From this list, we can look at including the following naturally Madhura (sweet) foods in our diet to help balance aggravated Pitta.

  • Melted A2 cow ghee – across all meals in small amounts
  • A2 cows milk – unpasteurised and freshly boiled – one small glass everyday

 

A2 Cows milk is nourishing and madhura in nature

  • Seasonal sweet, juicy fruits
  • Rotation of Natural sweet vegetables
  • Carefully sourced Aged organic Rice and wheat
  • 2 – 3 soaked Munakka (large black grape) raisins 3 – 4 times a week

Dried raisin is an excellent pitta balancing dry fruit

 

Using Astringent taste “Kashaya Rasa” to balance excess Pitta:

Kashaya rasa is a taste that is most often missing in modern-day foods. This is an important rasa which is vital to our health. Foods rich in Kashaya rasa usually have a lekhaniya (scraping effect) and are very useful in healing the body of excess fat, fluid collection, inflammation, etc. Kashaya rasa has “rooksha” (drying), “sheetya” (cold) and “laghu” (light) qualities- hence it helps balance Pitta dosha.

Kashaya rasa is wound healing, absorbs excess secretions and clears mucous. It helps clarify the tongue and skin and is calming and healing to the body. It is also a good blood clarifier.

In excess, Kashaya rasa can be excessively drying and vata aggravating on the body. Please do not overindulge in this taste.

 

Some examples of Kashaya Rasa dravyas:

  • Vegetables
    • Broccoli
    • Lettuce
    • Fennel
    • Banana flower

Banana flower is naturally kashaya in nature

  • Fruits
    • Amla (Indian gooseberry)
    • Pomegranates (choose well ripened, sweet fruits and not sour)

Pomegranate is a medicinal fruit which has strong Kashaya rasa

  • Sweeteners
    • Honey
    • Indian Date – Kharik

Indian date is Kashaya in nature

  • Herbs & seasonings
    • Parsley
    • Coriander
    • Basil
  • Ayurvedic Kashaya herbs used in Krya products
    • Amla
    • Haritaki
    • Vibhitaki
    • Triphala(combination of above 3 herbs)
    • Khadira
    • Arjuna Twak (bark)
    • Lodhra Twak (bark)
    • Sappanwood

 

Meal plan suggestions:

From this list, we can look at including the following naturally Astringent (sweet) foods in our diet to create a Pitta balancing diet .

  • Amla made in different methods 2 – 3 times a week: Can be made as a raita (using buttermilk or thin curd), Chutney, Preserve, or as a souring agent into Dal / Sambhar

Include Amla in your diet frequently

  • Pomegranates – 2 times a week – choose sweet fruits only
  • Chutneys / Dips / Pesto made from Basil / Coriander – twice a week
  • Overnight soaked Khajoora eaten once / twice a week

 

To sum up:

In part 1 of our post describing the Pitta balancing diet, we explored how using specific Rasas (tastes) in your meals can help bring down aggravated Pitta.  Using rasas which have opposing qualities as that of Pitta help balance spiked Pitta levels and also bring in better nourishment and satiety to the body, improving health.

In the next part of our blog post, we will explore how using specific dravyas and spices like milk, ghee, coriander seeds, etc help counter excess Agni in the body. In the case of certain dravyas, we will also explore how different prakritis (body types) should have these dravyas for optimal health. Part 3 of our post will have detailed daily meal plan suggestions that can help you plan a Pitta balancing diet.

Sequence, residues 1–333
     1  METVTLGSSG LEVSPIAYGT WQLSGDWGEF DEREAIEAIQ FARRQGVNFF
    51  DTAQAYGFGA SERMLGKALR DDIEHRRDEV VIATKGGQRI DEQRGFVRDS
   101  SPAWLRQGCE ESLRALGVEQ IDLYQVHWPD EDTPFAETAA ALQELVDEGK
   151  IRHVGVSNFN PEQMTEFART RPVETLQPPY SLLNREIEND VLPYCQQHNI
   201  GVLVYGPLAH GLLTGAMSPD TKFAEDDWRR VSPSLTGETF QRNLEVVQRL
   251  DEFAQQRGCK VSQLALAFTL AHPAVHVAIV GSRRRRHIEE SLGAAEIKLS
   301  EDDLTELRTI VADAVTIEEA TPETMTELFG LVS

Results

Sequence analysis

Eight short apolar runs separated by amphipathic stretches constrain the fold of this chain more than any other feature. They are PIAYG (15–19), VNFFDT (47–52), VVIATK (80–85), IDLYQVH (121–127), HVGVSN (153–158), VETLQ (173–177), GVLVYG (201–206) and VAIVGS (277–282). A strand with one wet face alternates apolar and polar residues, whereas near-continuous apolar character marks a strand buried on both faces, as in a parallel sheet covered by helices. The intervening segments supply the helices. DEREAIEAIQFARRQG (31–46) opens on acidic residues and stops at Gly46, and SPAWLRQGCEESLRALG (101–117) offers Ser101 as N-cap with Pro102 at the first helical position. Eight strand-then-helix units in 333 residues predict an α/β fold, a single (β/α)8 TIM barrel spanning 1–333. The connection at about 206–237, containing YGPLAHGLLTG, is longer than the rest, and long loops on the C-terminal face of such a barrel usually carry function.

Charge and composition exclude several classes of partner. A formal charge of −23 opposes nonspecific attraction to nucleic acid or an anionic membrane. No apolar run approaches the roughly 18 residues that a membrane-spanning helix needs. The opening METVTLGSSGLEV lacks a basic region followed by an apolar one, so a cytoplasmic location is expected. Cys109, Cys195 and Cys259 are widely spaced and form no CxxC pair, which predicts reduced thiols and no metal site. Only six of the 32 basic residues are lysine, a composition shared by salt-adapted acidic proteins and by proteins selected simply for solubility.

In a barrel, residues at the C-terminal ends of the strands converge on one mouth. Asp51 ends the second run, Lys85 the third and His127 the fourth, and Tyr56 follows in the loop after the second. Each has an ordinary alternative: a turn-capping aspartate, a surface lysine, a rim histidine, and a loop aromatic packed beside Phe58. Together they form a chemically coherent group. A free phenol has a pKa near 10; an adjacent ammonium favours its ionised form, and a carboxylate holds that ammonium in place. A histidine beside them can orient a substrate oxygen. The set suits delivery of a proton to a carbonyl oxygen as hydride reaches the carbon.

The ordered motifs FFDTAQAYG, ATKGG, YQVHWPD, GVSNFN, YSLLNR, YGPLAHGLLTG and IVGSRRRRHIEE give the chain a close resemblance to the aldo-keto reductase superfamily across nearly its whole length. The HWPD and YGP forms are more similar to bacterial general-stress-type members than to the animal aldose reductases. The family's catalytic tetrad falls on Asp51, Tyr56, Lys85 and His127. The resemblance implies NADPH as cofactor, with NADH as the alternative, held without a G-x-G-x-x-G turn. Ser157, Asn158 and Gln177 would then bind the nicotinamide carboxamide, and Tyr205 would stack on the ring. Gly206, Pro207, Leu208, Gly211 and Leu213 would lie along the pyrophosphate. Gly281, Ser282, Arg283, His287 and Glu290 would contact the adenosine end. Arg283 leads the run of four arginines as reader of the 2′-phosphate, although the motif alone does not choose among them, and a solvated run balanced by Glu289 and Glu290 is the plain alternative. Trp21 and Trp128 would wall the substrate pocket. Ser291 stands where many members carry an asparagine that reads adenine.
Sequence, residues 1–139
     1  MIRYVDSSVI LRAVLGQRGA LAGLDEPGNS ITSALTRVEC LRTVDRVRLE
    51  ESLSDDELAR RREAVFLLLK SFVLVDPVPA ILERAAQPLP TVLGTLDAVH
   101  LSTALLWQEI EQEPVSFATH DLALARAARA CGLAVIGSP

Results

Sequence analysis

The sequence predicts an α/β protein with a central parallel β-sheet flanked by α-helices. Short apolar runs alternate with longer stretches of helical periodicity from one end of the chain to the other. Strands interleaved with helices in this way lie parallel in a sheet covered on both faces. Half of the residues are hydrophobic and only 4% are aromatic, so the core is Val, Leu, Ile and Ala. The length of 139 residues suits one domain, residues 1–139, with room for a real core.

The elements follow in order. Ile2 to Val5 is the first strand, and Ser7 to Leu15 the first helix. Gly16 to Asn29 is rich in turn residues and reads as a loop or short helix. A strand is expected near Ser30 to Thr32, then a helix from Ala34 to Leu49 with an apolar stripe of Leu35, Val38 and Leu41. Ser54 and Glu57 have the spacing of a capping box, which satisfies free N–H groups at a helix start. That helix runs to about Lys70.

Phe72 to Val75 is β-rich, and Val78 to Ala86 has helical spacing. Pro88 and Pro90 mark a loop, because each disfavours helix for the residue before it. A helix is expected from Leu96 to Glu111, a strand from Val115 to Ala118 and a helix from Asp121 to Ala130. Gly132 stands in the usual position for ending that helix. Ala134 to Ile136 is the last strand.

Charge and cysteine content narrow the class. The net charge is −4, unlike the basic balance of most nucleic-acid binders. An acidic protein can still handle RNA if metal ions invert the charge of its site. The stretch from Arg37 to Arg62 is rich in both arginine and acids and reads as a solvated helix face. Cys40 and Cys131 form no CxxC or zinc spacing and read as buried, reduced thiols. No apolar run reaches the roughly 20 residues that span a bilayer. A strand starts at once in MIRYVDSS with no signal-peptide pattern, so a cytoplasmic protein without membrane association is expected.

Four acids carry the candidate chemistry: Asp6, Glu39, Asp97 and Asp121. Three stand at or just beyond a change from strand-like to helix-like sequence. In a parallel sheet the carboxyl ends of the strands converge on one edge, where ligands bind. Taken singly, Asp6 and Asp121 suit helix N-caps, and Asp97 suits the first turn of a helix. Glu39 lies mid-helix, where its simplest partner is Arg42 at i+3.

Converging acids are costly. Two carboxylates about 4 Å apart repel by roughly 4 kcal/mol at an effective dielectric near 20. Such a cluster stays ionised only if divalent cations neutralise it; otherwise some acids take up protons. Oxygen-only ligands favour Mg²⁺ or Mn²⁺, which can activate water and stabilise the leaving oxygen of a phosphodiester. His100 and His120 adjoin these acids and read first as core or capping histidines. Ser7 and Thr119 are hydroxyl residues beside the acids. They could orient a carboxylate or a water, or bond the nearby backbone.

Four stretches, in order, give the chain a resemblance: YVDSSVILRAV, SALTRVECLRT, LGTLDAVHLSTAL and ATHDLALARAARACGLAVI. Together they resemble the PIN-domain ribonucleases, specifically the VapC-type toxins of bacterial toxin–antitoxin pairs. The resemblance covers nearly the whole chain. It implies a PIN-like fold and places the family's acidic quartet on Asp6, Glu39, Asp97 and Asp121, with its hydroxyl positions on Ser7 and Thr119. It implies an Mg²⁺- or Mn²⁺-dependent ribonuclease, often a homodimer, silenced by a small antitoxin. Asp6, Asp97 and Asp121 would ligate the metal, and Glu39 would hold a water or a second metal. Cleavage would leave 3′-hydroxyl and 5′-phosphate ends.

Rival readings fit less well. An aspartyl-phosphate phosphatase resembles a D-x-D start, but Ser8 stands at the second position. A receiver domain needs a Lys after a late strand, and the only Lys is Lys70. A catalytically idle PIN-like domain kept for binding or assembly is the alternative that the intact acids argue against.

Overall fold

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Why krya recommends A2 Cow Ghee for Good Skin and Great Hair

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Reading Time: 5 minutes

The Ayurvedic Recommendation :

Based on Ayurvedic texts, krya recommends regular dietary use of Desi A2 cow ghee for all prakritis. When we say “desi ghee” we usually refer to ghee made from the milk & curd of indigenous Indian cow breeds,  with a prominent “hump” on their shoulder . Theseindigenous breeds are derived from the primary strain of “Zebu cattle” , descended from Indian Aurochs.


Approximately 268 – 232 BC – representation of Zebu cattle on Rampurva Capital of the Pillars of Ashoka, excavated in Rampurva-West Champaran District, Bihar

 

What is commonly available today ?

What is available commonly today is A1 milk, curd and ghee. A1 milk is derived from the European version of Bos, which migrated away from the Asian and African heartland close to 4000 years ago. This species developed a slightly different version of Beta casein in the Milk which is now called A1 beta casein, as opposed to A2 Beta casein found in Indian indigenous cattle.

Why we recommend desi A2 Milk ?

As per Ayurveda and recent research, A2 milk is easier to process and digest by our bodies. In practice, we have found that A2 milk is usually less fatty, causes less bloating and digestive discomfort, and exhibits all the properties of Milk we have studied as per Ayurveda.

Issues with Commercial dairy farming and A1 Milk

When we buy Dairy from large conglomerates, they follow a collection + aggregation model . Here Milk is sourced from small dairy farmers with any breed of cow or buffalo , mixed together, homogenised to follow government
standards of fat percentage and then sold as toned milk, full fat milk, etc.
This is the case for all major co-operative dairy conglomerates across India.

• Milk is sourced from different kinds of daily cattle and mixed together: so we have desi (A2), foreign (jersey – A1), hybrid (desi+jersey), buffalo, and sometimes goats milk being mixed together . The properties of each of these are different and will have a different effect on the body. Depending upon the mixture we get, the body may accept it better or it may not.